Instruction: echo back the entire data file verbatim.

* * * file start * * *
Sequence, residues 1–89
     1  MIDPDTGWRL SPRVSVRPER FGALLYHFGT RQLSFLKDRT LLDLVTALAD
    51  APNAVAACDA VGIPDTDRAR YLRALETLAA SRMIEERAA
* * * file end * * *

Sequence, residues 1–89
     1  MIDPDTGWRL SPRVSVRPER FGALLYHFGT RQLSFLKDRT LLDLVTALAD
    51  APNAVAACDA VGIPDTDRAR YLRALETLAA SRMIEERAA